First Person: I Can't Worry About a Stock Market Crash

Yahoo Contributor Network

The stock market is like a temperamental teenager. One moment it is lively, fun and full of future possibilities. The next moment it is grouchy, moody and seemingly capable of ruining the party for everyone. Welcome to the life of the stock market, which has more ups and downs than an amusement park roller coaster. This year, the market has had some good times. However, there have also been some struggles. When the stock market starts to fall, people start talking about a crash that could occur at any moment. A serious financial dip is obviously something that is always a possibility, but right now I can't worry about a stock market crash. Panic helps no one.


When it comes to investing, I do have a timetable for college savings and retirement. By nature I am a bit conservative, which means that I tend to stick with stocks, bonds and cash that are appropriate for the number of years left in my investment plan. When there is the possibility that the market might struggle, I follow the news but do my best to take a long-term approach to investing. In other words, I stick with my plan. I know that doesn't help the person that wants to start making withdrawals in the next couple of years, but my plan is to convert my investments to more conservative vehicles as I approach retirement. This will hopefully help absorb any short-term dips in the market.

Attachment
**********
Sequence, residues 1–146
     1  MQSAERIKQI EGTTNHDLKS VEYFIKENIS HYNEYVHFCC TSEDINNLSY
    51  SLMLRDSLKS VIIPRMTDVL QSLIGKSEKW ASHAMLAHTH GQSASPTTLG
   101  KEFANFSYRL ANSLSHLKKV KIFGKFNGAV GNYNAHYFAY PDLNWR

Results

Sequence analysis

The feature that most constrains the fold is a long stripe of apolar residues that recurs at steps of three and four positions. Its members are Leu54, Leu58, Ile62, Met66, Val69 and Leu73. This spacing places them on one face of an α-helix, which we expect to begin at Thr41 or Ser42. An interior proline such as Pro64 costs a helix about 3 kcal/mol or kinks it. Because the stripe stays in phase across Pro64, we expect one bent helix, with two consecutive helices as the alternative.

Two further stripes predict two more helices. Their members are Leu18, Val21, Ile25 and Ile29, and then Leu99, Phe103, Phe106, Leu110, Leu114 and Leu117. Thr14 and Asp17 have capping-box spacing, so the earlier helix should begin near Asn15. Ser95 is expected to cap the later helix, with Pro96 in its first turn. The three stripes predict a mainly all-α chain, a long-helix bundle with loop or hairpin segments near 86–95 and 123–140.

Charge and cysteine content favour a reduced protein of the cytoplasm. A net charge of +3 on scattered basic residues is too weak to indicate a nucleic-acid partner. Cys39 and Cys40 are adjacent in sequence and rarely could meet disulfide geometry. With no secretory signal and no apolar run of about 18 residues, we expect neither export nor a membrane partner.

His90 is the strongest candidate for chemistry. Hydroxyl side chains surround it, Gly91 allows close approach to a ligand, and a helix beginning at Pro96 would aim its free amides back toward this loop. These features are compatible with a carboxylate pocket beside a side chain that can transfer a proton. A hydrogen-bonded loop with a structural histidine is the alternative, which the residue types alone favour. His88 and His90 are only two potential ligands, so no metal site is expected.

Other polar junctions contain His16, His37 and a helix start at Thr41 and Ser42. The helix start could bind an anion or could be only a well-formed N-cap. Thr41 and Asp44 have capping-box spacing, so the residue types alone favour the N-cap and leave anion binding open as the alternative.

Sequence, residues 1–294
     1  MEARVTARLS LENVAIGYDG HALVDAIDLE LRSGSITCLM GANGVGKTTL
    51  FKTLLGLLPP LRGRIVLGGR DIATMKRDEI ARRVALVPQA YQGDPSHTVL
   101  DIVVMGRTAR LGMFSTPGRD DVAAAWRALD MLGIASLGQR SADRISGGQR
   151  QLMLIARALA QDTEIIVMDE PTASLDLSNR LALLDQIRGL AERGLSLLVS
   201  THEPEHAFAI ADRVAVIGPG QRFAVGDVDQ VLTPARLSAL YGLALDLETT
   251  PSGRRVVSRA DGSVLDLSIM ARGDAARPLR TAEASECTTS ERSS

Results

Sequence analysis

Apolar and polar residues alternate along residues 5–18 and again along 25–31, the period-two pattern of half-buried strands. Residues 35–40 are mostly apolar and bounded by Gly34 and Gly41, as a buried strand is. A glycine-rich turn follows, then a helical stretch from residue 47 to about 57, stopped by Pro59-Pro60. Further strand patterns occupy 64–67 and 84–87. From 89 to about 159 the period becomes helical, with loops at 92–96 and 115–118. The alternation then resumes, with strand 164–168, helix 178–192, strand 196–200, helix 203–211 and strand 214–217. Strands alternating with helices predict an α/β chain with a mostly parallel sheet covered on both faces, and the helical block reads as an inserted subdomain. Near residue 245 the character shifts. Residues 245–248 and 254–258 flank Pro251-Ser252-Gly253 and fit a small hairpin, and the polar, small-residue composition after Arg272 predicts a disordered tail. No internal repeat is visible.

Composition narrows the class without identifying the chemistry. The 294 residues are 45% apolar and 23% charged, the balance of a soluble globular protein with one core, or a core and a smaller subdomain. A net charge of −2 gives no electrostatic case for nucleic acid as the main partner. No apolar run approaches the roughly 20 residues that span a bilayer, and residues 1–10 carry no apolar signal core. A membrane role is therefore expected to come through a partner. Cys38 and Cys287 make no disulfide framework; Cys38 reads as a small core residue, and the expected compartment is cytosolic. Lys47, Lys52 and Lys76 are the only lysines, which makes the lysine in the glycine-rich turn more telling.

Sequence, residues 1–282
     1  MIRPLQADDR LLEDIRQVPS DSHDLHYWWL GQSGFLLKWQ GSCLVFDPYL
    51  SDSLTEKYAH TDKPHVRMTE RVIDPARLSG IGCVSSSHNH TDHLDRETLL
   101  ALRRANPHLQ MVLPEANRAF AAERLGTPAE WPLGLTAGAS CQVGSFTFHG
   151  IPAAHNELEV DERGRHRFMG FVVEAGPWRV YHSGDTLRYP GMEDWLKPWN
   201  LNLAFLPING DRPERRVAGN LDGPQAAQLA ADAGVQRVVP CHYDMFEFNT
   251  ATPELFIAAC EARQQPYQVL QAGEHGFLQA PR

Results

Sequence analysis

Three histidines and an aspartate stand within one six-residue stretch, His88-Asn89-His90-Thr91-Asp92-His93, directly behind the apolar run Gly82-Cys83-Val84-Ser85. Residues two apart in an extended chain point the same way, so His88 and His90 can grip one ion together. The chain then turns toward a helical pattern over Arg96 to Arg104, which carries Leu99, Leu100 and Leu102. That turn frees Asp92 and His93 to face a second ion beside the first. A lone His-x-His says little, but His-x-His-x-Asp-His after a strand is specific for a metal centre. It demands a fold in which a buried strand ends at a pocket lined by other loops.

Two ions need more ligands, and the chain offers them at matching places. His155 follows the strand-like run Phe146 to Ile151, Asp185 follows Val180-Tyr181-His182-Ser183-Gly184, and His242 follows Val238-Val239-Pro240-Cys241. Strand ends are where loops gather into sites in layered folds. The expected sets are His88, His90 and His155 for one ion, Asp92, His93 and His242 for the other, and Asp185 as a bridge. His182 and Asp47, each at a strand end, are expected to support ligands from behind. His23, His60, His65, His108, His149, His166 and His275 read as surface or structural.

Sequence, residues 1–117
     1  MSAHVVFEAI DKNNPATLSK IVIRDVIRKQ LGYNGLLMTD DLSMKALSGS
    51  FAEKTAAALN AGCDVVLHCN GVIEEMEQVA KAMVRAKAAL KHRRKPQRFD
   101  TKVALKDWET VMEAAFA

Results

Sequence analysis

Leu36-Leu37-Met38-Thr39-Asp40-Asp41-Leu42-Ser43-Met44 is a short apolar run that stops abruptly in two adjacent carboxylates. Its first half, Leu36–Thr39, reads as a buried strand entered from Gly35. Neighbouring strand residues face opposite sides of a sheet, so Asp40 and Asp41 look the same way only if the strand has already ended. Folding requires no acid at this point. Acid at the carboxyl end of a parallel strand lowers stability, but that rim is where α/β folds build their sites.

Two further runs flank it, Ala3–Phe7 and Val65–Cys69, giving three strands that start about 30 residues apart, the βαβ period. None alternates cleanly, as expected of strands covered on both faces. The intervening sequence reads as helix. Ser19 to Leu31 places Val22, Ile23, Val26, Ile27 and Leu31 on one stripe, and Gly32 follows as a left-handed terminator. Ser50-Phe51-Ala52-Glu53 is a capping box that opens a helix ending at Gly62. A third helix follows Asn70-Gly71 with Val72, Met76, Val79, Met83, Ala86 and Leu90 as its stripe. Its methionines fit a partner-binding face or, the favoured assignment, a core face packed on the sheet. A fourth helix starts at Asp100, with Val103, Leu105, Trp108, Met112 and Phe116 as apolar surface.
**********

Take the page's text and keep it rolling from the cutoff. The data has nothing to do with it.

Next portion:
Timing the market

Assuming that the market is headed for a sharp dip, how will I know when that might happen? The biggest issue with investing is that timing the market can be incredibly difficult. Again, the market is like a teenager in that investors can be very moody. Earnings (or lack thereof), governmental reports and political news can all send the market up and down very quickly. Of course, there are also times when investors ignore market news and trade in the exact opposite direction. This means that sometimes I have to just make my investing decisions and to a certain extent have faith that I made the right decisions.

What is the alternative?

Again, let us assume that a drop is coming. What is my alternative? Should I pull all my money out and stuff it in my mattress? If I were to pull money out of certain investments, when would I put the money back into the market? I can't assume that everything will just work out. The market can rise and fall very quickly, and vast amounts of money can be lost. However, I will not panic on news of a potential crash. Rash financial decisions are not advised.

Todd Pheifer provides content for the Yahoo! Contributor Network. Follow him on Twitter @tpheifer, "Like" him on Facebook and add him to your network on Google+ .

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